48 References AmaralTurkman, M.A., Turkman, K.F., Optimal alarm systems for autoregressive process; a Bayesian approach. Computational Statistics and Data Analysis 19, Antunes, M., AmaralTurkman, M.A., Turkman, F.K., A Bayesian approach to event prediction. Journal of Time Series Analysis 24, Baxevani, A, Wilson, and Scotto, M. (2011). Prediction of Catastrophes in Space over Time. Preprint 2011/9. University of Gothenburgh, Chalmers University of Technology Cirillo, P. and Husler, J. (2011) Alarm systems and catastrophes from a diverse point of view. Technical Report, University of Bern. Costa, C., Scotto, M.G., and Pereira, I. (2010) Optimal alarm systems for FIAParch processes REVSTAT, 8, pp de Maré, J., Optimal prediction of catastrophes with application to Gaussian process. Annals of Probability 8, Grage, H., Holst, J., Lindgren, G., Saklak, M., Level crossing prediction with neural networks. Methodology and Computing in Applied Probability 12, Lindgren, G., 1975b. Prediction of catastrophes and high level crossings. Bulletin of the International Statistical Institute 46, Lindgren, G., Model process in nonlinear prediction, with application to detection and alarm. Annals of Probability 8, Lindgren, G., (1985). Optimal Prediction of Level Crossings in Gaussian Processes and Sequences Ann. Probab., 13, Number 3, pp of 28
49 References Lowe R, Bailey TC, Stephenson DB, Graham RJ, Coelho CAS, Sá Carvalho M, Barcellos C. (2010). Spatiotemporal modelling of climatesensitive disease risk: Towards an early warning system for dengue in Brazil. Computers & Geosciences (in Press). Monteiro, M., Pereira, I., Scotto, M.G., Optimal alarm systems for count process. Communications in Statistics: Theory and Methods 37, Svensson, A., Lindquist, R., Lindgren, G., Optimal prediction of catastrophes in autoregressive moving average processes. Journal of Time Series Analysis 17, Svensson, A. and Hoslt,J. (1997). Prediction of high water levels in the Baltic. Journal of the Turkish Statistical Association, 1, Svensson, A. and Hoslt,J. (1998). Optimal prediction of events in Time Series. Technical Report 1998:9. Lund University. Turkman, K. F. and Amaral Turkman, M.A., (1989). Optimal Screening Methods. J. R. Statist. Soc. B, 51, No.2, pp VasquezProkopec GM, Kiltron,U., Montgomery B., Horne P. and Ritchie SA (2010). Quantifying the Spatial Dimension of Dengue Virus Epidemic Spread within a Tropical Urban Environment. PLOS Neglected Tropical Diseases, 4, issue 12, e of 28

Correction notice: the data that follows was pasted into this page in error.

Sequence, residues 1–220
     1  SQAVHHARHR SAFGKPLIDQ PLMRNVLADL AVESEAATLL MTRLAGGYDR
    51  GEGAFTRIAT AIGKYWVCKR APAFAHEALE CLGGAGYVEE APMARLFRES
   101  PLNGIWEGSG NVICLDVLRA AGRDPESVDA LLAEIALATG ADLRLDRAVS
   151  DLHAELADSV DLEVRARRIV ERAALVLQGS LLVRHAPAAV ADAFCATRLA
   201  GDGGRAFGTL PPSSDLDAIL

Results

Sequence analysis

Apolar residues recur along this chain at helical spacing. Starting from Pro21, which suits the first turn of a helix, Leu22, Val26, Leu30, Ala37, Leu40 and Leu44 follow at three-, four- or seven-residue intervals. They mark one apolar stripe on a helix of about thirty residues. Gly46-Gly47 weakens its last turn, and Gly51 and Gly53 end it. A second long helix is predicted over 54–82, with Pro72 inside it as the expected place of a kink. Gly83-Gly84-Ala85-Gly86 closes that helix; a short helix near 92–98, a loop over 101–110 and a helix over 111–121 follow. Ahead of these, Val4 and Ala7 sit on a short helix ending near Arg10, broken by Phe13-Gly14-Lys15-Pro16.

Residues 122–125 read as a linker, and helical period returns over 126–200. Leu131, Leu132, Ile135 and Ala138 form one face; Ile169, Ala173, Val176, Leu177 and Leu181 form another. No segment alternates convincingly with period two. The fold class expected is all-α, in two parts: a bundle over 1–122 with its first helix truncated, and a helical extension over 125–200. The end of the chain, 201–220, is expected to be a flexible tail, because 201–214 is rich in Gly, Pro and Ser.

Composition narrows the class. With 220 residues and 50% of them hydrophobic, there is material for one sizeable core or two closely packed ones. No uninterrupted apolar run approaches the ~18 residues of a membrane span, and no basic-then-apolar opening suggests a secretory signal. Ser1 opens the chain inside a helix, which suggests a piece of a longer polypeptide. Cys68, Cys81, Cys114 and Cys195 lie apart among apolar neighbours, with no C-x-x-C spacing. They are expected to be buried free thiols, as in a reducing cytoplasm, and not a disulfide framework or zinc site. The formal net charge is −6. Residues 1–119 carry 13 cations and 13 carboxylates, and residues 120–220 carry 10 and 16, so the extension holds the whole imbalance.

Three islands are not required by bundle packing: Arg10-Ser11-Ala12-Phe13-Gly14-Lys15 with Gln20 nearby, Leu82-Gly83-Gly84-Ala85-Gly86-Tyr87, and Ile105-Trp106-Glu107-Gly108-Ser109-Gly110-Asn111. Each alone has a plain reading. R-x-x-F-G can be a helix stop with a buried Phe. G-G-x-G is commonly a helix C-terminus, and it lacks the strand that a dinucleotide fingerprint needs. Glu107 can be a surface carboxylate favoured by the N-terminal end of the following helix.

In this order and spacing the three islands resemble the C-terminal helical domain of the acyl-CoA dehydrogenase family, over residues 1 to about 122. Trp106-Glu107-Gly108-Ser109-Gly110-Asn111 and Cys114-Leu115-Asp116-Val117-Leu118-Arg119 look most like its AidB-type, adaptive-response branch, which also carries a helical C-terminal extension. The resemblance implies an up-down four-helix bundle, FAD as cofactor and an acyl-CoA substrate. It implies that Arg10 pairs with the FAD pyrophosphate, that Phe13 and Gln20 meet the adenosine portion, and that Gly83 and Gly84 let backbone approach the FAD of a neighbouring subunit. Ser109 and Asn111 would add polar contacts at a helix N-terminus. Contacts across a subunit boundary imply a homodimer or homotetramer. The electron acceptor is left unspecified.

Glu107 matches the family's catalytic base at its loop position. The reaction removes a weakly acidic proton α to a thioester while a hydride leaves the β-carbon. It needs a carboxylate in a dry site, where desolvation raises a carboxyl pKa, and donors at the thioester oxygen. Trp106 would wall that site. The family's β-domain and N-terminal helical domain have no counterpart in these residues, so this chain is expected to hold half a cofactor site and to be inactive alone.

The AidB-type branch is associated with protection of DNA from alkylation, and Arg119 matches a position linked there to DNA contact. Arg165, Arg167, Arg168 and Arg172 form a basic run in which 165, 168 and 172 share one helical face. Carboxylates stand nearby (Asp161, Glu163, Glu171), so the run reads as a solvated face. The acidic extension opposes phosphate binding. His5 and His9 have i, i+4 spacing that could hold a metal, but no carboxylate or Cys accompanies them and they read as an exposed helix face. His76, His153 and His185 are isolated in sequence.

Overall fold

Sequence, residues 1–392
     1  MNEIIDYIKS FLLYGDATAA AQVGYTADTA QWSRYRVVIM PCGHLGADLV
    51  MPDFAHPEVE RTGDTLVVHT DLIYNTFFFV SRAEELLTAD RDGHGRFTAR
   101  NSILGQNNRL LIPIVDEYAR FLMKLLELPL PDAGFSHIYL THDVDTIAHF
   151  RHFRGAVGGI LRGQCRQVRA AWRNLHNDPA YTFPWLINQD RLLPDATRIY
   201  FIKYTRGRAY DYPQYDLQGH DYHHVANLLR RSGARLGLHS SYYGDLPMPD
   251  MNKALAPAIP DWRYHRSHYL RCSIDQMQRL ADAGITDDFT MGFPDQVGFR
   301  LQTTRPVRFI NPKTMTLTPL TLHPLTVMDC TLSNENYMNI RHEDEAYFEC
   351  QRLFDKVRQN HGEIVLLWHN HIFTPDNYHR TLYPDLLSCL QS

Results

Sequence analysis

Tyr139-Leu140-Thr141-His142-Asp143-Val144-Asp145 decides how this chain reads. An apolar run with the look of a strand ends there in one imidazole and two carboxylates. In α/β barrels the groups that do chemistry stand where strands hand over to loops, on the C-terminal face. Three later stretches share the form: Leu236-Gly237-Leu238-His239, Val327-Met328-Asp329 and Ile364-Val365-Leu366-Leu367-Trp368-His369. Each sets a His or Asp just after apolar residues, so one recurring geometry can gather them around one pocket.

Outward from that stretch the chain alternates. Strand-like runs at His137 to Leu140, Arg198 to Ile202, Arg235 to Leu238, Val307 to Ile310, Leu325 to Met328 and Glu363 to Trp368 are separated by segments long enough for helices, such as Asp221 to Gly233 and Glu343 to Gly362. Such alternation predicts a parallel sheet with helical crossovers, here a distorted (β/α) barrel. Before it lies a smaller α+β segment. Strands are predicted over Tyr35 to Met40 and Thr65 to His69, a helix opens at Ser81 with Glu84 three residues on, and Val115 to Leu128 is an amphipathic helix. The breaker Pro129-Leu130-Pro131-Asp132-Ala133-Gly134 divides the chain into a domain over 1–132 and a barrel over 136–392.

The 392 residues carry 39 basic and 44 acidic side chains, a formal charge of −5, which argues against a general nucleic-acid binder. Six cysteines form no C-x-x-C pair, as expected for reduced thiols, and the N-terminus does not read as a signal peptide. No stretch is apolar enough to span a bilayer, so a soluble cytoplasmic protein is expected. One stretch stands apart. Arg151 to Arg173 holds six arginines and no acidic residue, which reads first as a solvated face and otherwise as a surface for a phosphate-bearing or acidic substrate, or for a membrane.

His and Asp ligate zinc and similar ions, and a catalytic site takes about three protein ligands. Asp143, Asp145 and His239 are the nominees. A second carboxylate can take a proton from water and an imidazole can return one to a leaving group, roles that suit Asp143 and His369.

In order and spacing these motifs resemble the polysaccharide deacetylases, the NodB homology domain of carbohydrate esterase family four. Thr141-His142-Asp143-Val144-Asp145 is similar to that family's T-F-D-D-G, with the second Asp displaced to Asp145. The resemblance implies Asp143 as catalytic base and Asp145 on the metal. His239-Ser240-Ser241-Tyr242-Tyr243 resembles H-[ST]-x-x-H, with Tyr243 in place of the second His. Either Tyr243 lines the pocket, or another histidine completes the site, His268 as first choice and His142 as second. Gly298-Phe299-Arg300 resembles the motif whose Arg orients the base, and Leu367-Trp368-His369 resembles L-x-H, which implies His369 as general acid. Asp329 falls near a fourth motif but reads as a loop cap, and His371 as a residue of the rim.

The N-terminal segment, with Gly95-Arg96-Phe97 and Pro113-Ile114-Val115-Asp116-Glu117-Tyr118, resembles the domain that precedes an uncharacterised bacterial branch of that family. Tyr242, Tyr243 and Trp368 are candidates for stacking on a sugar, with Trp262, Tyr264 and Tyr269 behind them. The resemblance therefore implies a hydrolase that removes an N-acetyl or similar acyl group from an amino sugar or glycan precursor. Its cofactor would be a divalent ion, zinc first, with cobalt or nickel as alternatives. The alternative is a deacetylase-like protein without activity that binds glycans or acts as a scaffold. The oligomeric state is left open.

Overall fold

50 This research has been partially supported by National Funds through FCT Fundação para Ciência e Tecnologia, projects PTDC/MAT/118335/2010 and PEstOE/MAT/UI0006/2011 Thank you very much for your attention! 28 of 28